There are a whole host of wannabe young gun blues guitarists out there strutting their stuff these days. This is not necessarily a bad thing. It encourages competition, and has players pushing themselves harder to stand out in a crowed field. Some players push themselves relentlessly, continually honing their craft, and in doing so, they emerge as superior musicians.
Brent Johnson is just such a player. The dedication to his craft is obvious, and he has emerged as someone to be reckoned with. Not bad for someone who has stated that he doesn’t pretend to be a purist, and he doesn’t want to be one either. From Texas and now living in New Orleans, Johnson has absorbed a confluence of musical styles, and heritages. This exposure has informed Johnson’s music, infusing it with elements of soul, dance hall, swing, jazz, rock, and of course, blues.
Set The World On Fire, on Justin Time Records, features seven originals, and four covers. The album clocks in at just over an hour, and when it’s done playing, you will play it again. Trust us on this; you will hit the repeat button. Produced by Brent Johnson, and recorded and mixed by Ben Lorio, this disc sounds crisp, full, and fat. Personnel here are Brent Johnson – guitars, Bill Blok – bass and background vocals, John Perkins – drums, and Wayne Lohr on keyboards. Guest are Alvin Youngblood Hart and Sonny Landreth on guitars.
Set The World On Fire is an impressive debut. The album is sixty four minutes of incredible blues. Our favorite tracks include Bob Dylan’s “Meet Me In The Morning,” where Johnson is joined by Alvin Youngblood Hart, and together they lay down some sweet blues candy, dripping with slide, and punctuated with smart fills and leads. Very nicely done guys! “Long Way Back To New Orleans” features a throbbing second line beat, underscored with spot-on piano, and Johnson and Landreth laying down thrilling slide runs pretty-as-you-please. Howlin’ Wolf’s “Meet Me In The Bottom” is a driven, steady stomp, with Alvin Youngblood Hart again joining Johnson for some juicy, satisfying guitar.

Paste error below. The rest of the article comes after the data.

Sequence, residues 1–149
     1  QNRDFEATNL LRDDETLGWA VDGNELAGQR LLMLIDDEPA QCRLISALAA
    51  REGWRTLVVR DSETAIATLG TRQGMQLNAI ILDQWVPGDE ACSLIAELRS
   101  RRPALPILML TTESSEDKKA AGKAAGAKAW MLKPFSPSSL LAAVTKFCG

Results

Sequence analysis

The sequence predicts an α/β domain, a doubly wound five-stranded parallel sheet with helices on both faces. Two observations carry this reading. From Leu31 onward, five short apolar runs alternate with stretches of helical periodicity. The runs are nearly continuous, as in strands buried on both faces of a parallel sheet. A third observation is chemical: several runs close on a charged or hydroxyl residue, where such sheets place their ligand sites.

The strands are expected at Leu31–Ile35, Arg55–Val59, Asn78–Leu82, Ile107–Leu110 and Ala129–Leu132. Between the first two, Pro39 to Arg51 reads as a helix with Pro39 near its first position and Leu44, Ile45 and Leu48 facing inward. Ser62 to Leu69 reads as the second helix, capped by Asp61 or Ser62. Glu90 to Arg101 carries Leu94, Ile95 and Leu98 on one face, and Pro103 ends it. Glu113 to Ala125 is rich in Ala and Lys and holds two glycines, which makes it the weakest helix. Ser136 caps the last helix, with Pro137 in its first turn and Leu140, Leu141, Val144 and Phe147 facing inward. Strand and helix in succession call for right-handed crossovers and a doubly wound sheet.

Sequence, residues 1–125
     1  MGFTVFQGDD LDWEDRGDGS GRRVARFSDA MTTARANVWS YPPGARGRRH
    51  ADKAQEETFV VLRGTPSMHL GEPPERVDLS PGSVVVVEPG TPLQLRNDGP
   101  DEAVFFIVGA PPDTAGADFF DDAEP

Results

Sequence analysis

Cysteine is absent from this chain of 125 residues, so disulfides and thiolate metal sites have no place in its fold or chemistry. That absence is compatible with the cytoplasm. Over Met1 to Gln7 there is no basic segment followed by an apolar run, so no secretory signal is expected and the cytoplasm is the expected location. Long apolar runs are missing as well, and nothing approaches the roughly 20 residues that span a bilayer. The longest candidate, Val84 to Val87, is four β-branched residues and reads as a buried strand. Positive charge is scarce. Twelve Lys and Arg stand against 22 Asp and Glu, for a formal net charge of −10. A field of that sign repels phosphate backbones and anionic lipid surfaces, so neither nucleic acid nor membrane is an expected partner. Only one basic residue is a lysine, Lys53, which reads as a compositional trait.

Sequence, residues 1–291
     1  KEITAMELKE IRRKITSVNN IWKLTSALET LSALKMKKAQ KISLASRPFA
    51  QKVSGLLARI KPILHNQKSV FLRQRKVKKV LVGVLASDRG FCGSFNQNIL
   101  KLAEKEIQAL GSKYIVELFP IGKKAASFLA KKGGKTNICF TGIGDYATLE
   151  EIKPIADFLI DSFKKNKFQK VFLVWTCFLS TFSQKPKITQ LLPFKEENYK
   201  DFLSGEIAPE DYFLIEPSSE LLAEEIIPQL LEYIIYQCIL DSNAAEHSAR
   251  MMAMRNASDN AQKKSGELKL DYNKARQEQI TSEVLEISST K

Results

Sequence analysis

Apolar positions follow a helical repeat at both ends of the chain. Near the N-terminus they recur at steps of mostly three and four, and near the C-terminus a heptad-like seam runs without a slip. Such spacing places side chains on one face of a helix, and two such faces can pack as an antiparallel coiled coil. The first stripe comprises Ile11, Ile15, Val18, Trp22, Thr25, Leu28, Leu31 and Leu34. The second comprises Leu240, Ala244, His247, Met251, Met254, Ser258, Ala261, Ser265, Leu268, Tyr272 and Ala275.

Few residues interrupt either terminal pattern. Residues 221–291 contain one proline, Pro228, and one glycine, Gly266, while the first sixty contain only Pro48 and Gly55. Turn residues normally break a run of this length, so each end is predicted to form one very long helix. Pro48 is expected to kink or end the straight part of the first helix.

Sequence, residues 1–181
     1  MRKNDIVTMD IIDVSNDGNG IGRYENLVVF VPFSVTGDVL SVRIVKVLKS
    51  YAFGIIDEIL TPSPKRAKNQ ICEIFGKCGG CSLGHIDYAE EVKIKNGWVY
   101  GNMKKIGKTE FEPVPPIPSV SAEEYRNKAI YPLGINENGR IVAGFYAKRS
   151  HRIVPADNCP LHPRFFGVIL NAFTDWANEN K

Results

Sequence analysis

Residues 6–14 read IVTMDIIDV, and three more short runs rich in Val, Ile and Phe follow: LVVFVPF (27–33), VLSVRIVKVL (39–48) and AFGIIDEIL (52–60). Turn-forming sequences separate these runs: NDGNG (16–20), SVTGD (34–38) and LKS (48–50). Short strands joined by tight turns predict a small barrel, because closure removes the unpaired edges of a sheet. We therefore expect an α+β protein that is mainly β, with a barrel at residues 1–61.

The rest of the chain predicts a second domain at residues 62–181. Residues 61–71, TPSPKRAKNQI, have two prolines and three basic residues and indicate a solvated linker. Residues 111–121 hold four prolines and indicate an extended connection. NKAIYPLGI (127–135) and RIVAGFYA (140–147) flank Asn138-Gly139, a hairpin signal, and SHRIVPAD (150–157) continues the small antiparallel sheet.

Here, “As The Years Go Passing By,” first recorded by Fenton Robinson in 1959, and later covered by Albert King, Gary Moore, John Lee Hooker, and many others, stretches out for a leisurely thirteen minutes. This is a really formidable track, brilliantly performed. Deliciously unhurried, the guitar tone, and phrasing here is poignant, and impassioned. This is a beautiful rendering of a familiar standard, presented in a different light.
Don’t deny yourself a good time. Treat yourself to this album today.